Chevron, (NYSE: CVX), the No. 2 U.S. energy company, lost a bid to get a federal judge to bar an Ecuador aboriginal group from collecting $18 billion in pollution damages.
Still, in New York, U.S. District Judge Lewis Kaplan took under advisement Chevron's request that its assets be attached to the court, an important move that would strengthen its defense. He also reserved judgment on placing a temporary restraining order against the government of Ecuador. Chevron has also sued the Ecuadorean groups for alleged racketeering.
The two sides traded blows before Judge Kaplan adjourned the hearing after roughly an hour of arguments.
The only thing they are hanging their hat on is the fig leaf - that there was a judgment in Ecuador, said Randy Mastro, a lawyer representing Chevron. They have not put forth one shred of evidence contradicting the [racketeering] case.
Craig Smyser, representing several Ecuadorean defendants in the racketeering case, pointed to allegations that Chevron had manipulated testing sites and operated two separate laboratories to cover up its tracks.
In court Thursday, Chevron's lawyers again denied that Texaco, which Chevron acquired in 2001, had polluted any lands in Ecuador. Chevron has lost a pollution case in that Central American republic where courts impose and later upheld an $18 billion fine.
In response, Chevron has alleged racketeering by thousands of Ecuadorean villagers and aboriginals, who accuse the company of polluting swaths of the Amazon jungle.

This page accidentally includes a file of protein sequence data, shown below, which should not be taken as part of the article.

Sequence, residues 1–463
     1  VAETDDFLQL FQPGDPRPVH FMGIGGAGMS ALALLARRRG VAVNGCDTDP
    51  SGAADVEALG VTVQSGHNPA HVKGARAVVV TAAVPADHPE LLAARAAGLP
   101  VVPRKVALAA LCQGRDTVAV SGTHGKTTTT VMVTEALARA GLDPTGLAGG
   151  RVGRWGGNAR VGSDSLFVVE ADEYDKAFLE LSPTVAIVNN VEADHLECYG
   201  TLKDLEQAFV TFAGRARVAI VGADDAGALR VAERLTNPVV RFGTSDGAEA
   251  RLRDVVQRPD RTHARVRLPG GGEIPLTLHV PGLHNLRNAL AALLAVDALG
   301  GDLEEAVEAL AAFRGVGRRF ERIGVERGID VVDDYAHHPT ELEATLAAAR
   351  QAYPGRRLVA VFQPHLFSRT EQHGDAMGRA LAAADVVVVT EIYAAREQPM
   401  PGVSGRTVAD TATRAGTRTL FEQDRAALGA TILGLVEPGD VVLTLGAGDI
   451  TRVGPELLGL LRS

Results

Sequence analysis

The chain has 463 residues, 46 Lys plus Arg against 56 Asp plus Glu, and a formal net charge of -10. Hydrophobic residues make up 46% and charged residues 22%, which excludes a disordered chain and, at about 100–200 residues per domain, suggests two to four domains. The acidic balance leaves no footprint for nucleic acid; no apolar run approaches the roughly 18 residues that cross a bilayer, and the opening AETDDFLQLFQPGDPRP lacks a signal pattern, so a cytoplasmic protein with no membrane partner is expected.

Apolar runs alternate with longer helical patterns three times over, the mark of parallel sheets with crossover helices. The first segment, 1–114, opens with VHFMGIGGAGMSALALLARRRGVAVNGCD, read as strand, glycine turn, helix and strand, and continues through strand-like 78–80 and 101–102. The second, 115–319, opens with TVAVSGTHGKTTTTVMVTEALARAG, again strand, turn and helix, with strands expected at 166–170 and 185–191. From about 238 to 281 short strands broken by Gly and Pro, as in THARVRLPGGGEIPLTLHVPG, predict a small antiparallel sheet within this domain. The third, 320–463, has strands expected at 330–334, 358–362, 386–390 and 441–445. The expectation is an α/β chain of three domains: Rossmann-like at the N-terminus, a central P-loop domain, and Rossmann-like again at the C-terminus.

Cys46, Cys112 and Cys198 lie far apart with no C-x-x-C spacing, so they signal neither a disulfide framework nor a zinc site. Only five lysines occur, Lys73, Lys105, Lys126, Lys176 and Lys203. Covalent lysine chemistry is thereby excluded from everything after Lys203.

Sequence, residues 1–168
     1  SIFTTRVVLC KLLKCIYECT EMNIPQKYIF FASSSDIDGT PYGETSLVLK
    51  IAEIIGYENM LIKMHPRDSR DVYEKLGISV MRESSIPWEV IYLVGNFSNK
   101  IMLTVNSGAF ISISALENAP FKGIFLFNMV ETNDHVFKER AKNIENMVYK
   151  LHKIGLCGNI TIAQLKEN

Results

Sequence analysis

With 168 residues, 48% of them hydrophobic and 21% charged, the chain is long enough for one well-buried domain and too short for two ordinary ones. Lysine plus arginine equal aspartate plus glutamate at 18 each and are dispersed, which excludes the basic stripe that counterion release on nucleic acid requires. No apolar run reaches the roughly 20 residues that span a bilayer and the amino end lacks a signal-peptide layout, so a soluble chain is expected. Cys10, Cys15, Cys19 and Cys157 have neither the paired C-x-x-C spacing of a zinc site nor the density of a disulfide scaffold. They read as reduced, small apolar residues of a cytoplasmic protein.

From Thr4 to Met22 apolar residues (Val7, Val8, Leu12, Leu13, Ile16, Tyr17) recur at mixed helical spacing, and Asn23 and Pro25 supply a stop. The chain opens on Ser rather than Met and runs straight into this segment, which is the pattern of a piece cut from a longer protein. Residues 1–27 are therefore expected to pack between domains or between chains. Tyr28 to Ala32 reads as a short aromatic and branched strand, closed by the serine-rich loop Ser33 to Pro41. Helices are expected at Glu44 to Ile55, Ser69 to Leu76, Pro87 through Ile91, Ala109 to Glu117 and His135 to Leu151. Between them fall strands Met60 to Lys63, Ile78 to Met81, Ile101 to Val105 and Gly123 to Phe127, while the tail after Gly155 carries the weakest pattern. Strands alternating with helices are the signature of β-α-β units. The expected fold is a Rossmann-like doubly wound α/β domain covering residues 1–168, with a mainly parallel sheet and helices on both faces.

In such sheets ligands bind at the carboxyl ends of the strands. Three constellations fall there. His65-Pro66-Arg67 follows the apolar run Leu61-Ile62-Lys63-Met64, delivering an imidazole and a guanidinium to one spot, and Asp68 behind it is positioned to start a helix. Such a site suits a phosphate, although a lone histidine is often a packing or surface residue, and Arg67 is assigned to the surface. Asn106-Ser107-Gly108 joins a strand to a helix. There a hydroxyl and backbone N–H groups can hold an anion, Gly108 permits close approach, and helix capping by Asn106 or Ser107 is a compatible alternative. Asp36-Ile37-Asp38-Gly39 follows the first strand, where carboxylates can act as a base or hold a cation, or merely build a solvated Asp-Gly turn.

Chevron's lawyers alluded to comments made by Ecuadorean defendants suggesting they might seize Chevron's assets in Venezuela and Latin America, such as oil tankers that sail through the Panama Canal.
If approved, the restraining order will last as long as Kaplan considers Chevron's request.
Last February, an Ecuadorean court ordered the company to pay the Texaco fines. Chevron disputed the initial judgment.
By attaching itself to the court, Chevron hopes to construct a legal method to bar any Ecuadorean seizure of assets. Kaplan will make a determination on Chevron's request at a future date.
Thursday's hearing continued what has been a litigation saga dating back a decade. Kaplan earlier allowed the racketeering and corruption case to move forward.
Ecuadorean courts have upheld the ruling originally made by a local judge, and have so far verbally announced they will ignore injunctions placed on them by an arbitration panel based in The Hague.
That panel said on Feb. 28 it would consider an appeal by Chevron.
The company still has a pending appeal with Ecuador's high court.
Last year, the 2nd U.S. Circuit Court of Appeals in New York threw out an injunction filed by Kaplan to bar the collection of the $18 billion fine. The court also turned down a Chevron request to throw out the case.
Shares of Chevron fell 76 cents to $109.93.